EBC Day 06 – Acclimatisation at Namche Bazaar

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Namche Bazaar

The day started off slow and relaxed with a bit of coffee and lemon tea (NPR70+150) before I went out to look around the quaint little shops that were scattered around town. Namche Bazaar (Nepali : नाम्चे बजार) (elevation : 3440m) is considered the business capital of the Khumbu region and is the site of a weekly market where you can find all sorts of goods and trekking paraphernalia. I ended up stocking up on quite a few things that I felt I needed - a mesh bag (NPR400), another water bottle (NPR250), some filtered water (NPR100), and extra toilet paper (NPR100). I also paid for accommodation for the two days that I stayed in Namche (USD5, NPR520 per day).

I had plenty of time to relax and to admire the majestic peaks that towered over the town, namely Kongde Ri (elevation : 6187m) and Nupla (elevation : 5885m), as the day was to be dedicated to just staying put for acclimatisation.

Location of Namche Bazaar


Doorway to Namche Bazaar

Acclimatisation is absolutely mandatory at high altitudes due to the negative effects that the decreased partial pressure of oxygen has on your body. At high altitude, your breathing rate increases (both at rest and during exercise), less oxygen ends up getting diffused from both your lungs into the blood and from the blood to the tissues, and your VO2 max decreases by 8-11% for every 1000 metres - in my case, my VO2 Max which has peaked at 70 ml/kg/min would only be around 45 ml/kg/min in Namche Bazaar, a reduction of 35%!.

In order to counteract all these ill-effects of high altitude, your body reacts by decreasing the blood volume via the reduction of plasma levels, thus increasing the density of the blood as well as the amount of hemaglobin per unit of blood. Cardiac output also increases to compensate for the decreased oxygen that reaches the bloodstream.

When acclimatising, your body starts to make changes (that occur slowly over time) to the decreased oxygen that it is now getting. Your depth of respiration starts to increase, pressure in your pulmonary arteries is also increased, your body produces more red blood cells as well as produces certain enzymes that help facilitate the release of oxygen from hemoglobin to your body's tissues.

The key to acclimatisation is to ascend slowly and to periodically take a rest day every few days. The general rule is to not exceed an altitude gain of 500 metres in a day and to take a rest day for every 1000 metres of altitude gained, but how well each person acclimatises differs greatly and depends on many different factors. There is a common maxim that you might hear being used amongst mountaineers, "Climb High, Sleep Low"; or even amongst competitive athletes, "Live High, Train Low".

Kongde Ri (elevation : 6187m) on the right of the image and Nupla (elevation : 5885m) obscured by the clouds

There is a medication called Acetazolamide (normally sold under the brand name Diamox®) that can be used to reduce, or even prevent, the symptoms of altitude sickness such as headache, fatigue, nausea, shortness of breath, and dizziness. It supposedly speeds up the acclimatization process by causing the kidneys to excrete bicarbonate, which is the base form of carbon dioxide, which helps to counteract the effects of a decrease in oxygen. It does have a few side-effects however and is a diuretic, so make sure you are aware of any allergies that you might have and consult your doctor before taking it.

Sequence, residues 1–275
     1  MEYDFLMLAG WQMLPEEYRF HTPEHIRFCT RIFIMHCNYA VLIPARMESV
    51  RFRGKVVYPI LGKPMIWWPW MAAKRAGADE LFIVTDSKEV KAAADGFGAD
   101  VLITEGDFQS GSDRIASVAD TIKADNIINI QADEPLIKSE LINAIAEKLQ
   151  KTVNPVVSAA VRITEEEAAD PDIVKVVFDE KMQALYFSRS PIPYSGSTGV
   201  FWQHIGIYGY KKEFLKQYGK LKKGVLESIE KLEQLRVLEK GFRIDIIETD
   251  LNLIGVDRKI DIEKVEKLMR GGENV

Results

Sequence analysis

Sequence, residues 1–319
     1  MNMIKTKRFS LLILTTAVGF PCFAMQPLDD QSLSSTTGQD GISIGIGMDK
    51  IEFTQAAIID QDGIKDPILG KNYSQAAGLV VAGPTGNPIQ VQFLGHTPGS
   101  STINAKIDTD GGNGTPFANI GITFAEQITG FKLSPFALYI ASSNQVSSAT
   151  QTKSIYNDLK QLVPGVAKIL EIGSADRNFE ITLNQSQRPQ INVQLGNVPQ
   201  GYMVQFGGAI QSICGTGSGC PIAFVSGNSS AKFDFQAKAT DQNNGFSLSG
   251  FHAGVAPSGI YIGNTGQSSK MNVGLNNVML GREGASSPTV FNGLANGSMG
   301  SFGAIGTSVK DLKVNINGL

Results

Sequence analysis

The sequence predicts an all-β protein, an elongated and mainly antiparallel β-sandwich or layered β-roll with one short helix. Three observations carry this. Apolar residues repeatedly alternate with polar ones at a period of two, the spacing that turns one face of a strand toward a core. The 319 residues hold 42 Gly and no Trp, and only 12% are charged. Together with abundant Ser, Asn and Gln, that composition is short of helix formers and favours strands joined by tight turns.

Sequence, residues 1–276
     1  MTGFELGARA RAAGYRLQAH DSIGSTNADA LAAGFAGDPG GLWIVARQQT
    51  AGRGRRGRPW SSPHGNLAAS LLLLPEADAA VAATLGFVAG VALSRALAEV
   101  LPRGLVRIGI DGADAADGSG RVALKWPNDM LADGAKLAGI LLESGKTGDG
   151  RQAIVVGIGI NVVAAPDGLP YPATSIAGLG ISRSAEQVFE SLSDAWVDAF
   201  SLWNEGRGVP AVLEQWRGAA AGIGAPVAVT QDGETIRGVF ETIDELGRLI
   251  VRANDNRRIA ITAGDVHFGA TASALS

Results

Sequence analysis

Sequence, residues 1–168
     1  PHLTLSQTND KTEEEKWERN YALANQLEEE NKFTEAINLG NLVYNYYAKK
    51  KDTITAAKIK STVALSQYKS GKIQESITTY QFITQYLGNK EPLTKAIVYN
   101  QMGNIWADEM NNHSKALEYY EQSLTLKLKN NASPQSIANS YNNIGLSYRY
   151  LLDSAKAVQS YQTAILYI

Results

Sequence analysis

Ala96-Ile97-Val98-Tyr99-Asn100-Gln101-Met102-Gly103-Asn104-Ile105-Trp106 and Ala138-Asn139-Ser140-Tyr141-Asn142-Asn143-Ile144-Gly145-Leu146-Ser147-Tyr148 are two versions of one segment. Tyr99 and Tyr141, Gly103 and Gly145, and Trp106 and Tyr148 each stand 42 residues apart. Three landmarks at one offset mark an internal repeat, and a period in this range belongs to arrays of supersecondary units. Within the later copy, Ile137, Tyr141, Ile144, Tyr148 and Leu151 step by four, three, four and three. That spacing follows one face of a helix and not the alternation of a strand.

I normally take 125mg twice a day, and start a day before the hike begins. I have to say however that during the entire three weeks hiking in the mountains, not once did I notice the presence of any of the symptoms of acute mountain sickness (AMS). I am uncertain if this was because of fitness level, genetic factors, and because I kept myself very well hydrated (with a few exceptions!) or if Acetazolamide had a role to play at all.

Snow in Namche Bazaar

Next (Day 6) : Acclimatisation at Namche Bazaar (Part 2)

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Namche Bazaar's Army Camp

I had heard that there was a viewpoint that was located above the Namche Bazaar Army Camp (which turned out to not be much of an army camp since I only spotted two armed soldiers) and so made my way there. There was a small museum (Nepali : सगरमाथा राष्ट्रिय निकुञ्ज संग्रहालय) there that contained information about the region and Mount Everest, as well as poignant reminders about how global warming was causing the glaciers to recede.

The museum was nice but the views of the mountains here were spectacular! The massive Thamserku (elevation : 6608m), also known as 'Peak 43', completely dominated the view to the east. Looking further north, through the valley carved by the Imja Khola river, the South face of Everest (elevation : 8850m), Lhotse (elevation : 8516m), and the twin spires of Ama Dablam (elevation : 6812m) could be seen - their snow-covered peaks almost calling out to me...

I spent some time just soaking in the breath-taking views before heading back to the lodge for an early night.

View from the Namche Bazaar Museum Window

Thamserku (elevation : 6608m) dominating the picture; Mount Everest, Lhotse, and Ama Dablam can be seen in the distance on the left

Namche Bazaar nestled below

Nupla (elevation : 5885m) peak 'peaking' out of the clouds and Kongde Ri (elevation : 6187m) obscured


End of Day 6 Expenditure (NPR)*

Transportation : 0

Entrance Fees/Visa : 0

Gear : 650

Food : 320

Maps : 0

Medication : 0

Misc : 100

Internet: 0

Accommodation : 520


* Excluding the cost of the flights to and from Nepal


: 30650

: 10295

: 16700

: 4630

: 700

: 385

: 700

: 500

: 2790

: 67350 

Next (Day 7) : Namche Bazaar to Tengbouche
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